Brands Face Credibility Gap in Social

Brands face a dilemma in social media. People are spending lots of their time with Facebook and Twitter, and, at the same time, they don’t like advertising there, which is historically the case with ads in communication mediums.

To solve that brands and social platforms have hit on the idea of making their advertising there not look like advertising at all. Indeed, Facebook, Twitter and Tumblr have all engaged in semantic gymnastics in terming ad products “featured,” “promoted” and the like. There’s still some work to do.

According to a recent Allstate/National Journal survey, more than two-thirds of the 1,000 adult respondents believe, “major corporations and political candidates are active on social media to advertise, collect information on customers or supporter, and increase their own success, either in profits or votes.

“Consumers get turned off if brands are marketing to them, but pretending it’s not marketing,” Noah Mallin, group director of social media at Digitas. “It’s about when brands are marketing in social they need to be upfront with how they message. Consumers are less likely to feel uncomfortable when a brand is transparent.”

Not all is lost for brands on social networks, as people aren’t totally against companies using social media. People just don’t trust them. According to the AllState/National Journal study, 64 percent of social media users believe companies should use social media as a customer-service mechanism and that 59 percent are more likely to view a company that uses social media as “accessible and responsive.” Fair enough, but marketing must do more than that to move products off the shelves. The hard sell might not work on social nets, but surely there’s room for some kind of selling. Right now, it’s very much of the soft kind.

For example, look at the experience Twitter built with NASCAR. Clicking on the hashtag #NASCAR takes you to a special URL (www.twitter.com/#NASCAR) designed as part ad, part Twitter. This native ad format is not just about driving you to a NASCAR page that feels like an ad, but to build a connection between fans, drivers and NASCAR. The meat of the page is the Twitter feed in the middle of it, as NASCAR pulls in responses to tweets. There is a constant connection between fans.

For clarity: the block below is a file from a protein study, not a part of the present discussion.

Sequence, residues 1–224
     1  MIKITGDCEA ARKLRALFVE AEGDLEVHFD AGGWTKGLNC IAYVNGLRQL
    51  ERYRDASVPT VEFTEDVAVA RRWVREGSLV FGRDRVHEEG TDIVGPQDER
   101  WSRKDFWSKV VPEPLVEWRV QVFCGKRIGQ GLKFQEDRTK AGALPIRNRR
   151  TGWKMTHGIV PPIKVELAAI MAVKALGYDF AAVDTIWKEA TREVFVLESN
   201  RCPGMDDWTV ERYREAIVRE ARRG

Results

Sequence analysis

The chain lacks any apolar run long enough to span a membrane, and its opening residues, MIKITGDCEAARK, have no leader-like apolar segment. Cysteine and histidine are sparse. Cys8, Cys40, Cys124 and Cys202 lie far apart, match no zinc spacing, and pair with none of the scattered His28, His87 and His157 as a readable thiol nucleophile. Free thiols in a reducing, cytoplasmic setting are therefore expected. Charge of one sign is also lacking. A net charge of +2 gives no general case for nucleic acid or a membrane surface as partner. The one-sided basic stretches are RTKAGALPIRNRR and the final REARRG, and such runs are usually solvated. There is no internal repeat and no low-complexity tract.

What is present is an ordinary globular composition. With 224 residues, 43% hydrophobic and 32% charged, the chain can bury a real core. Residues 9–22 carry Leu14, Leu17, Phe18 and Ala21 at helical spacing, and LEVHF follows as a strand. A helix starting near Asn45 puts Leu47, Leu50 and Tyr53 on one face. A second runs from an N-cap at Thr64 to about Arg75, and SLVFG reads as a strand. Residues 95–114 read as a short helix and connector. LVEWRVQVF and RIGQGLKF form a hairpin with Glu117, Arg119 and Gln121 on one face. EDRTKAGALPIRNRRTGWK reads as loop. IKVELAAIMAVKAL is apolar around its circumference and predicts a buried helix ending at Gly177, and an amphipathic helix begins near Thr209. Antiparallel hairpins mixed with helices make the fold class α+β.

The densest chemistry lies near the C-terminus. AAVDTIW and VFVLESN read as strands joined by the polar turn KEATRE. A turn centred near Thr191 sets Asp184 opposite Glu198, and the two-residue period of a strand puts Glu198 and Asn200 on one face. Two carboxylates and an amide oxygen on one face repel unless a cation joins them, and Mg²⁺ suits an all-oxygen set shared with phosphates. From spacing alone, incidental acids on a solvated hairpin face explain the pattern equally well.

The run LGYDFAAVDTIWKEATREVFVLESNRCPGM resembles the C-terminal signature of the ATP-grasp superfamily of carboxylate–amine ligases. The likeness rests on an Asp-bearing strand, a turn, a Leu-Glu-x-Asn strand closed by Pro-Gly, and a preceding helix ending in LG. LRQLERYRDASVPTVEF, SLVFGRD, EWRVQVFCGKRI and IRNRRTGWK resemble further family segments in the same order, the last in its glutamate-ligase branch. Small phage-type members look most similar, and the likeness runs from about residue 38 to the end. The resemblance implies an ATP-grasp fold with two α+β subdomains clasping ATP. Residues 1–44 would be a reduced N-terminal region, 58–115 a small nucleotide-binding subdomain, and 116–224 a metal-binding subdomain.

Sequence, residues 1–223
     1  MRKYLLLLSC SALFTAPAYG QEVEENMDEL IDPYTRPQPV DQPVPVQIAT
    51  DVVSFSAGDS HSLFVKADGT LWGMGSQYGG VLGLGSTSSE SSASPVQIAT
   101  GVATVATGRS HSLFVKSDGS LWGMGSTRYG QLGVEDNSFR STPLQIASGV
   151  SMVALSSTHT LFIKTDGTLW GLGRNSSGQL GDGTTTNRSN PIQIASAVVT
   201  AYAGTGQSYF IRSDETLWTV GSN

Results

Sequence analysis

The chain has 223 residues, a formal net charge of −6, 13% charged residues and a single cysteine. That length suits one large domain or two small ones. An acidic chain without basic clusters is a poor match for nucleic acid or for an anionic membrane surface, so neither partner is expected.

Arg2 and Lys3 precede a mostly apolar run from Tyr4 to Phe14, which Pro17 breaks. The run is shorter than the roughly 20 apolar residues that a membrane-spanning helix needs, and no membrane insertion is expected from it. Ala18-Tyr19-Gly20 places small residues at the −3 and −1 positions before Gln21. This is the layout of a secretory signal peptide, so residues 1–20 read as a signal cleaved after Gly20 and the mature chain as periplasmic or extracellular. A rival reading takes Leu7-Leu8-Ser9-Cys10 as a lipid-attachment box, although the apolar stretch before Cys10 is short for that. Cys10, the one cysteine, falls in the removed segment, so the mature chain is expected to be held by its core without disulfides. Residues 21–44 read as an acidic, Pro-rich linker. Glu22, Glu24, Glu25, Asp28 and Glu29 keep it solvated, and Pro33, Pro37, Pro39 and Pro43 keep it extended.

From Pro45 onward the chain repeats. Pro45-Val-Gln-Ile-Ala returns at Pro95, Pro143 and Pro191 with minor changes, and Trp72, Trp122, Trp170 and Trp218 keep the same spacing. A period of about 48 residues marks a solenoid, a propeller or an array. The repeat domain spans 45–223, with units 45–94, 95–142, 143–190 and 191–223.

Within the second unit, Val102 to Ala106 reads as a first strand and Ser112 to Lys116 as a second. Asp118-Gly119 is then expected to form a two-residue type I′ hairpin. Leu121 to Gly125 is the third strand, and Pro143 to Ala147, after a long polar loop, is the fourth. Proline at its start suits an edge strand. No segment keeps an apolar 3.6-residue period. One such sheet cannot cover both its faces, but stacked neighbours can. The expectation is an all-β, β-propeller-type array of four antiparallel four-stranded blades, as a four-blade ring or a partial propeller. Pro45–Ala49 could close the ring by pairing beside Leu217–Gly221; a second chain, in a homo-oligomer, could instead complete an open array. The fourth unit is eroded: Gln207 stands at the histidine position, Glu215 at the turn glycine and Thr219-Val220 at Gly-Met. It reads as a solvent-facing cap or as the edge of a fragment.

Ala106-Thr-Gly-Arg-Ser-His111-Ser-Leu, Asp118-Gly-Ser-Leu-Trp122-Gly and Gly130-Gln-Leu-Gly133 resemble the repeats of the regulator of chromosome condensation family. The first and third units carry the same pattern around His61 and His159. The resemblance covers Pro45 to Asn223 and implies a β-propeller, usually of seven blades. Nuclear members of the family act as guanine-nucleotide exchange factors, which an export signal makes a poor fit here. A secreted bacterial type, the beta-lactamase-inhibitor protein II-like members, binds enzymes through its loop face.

Tumblr, too, has reached out its hand to the advertising community. The idea is brands will set up shop on Tumblr, then pay to promote posts that might be of interest to Tumblr users. The “ad unit” is the post, as Tumblr CEO David Karp pointed out. Coke ran an early ad effort on the site and saw its post garner 20,000 notes (Tumblr’s social currency of likes and reblogs) in about a five-hour time period. Whether that’s success or not isn’t all that clear.

And that’s the hitch with social network advertising. For all the breathless hype of social media experts, brands are often unsure what they’re getting. General Motors notably crystallized this feeling when it recently pulled its ad budget from Facebook. (This was somewhat refuted this week by a ComScore study finding that ads on Facebook do, in fact, work.)

“The challenge for brands is to look at the value proposition to get people to engage with them,” Mallin said. “Brands that get it right and provide value in social — couponing, sharing information, or giving emotional boost like great content that makes the person look like an insider — will be successful. The consumers making the exchanges are aware the company is getting something out of it; they want to benefit.”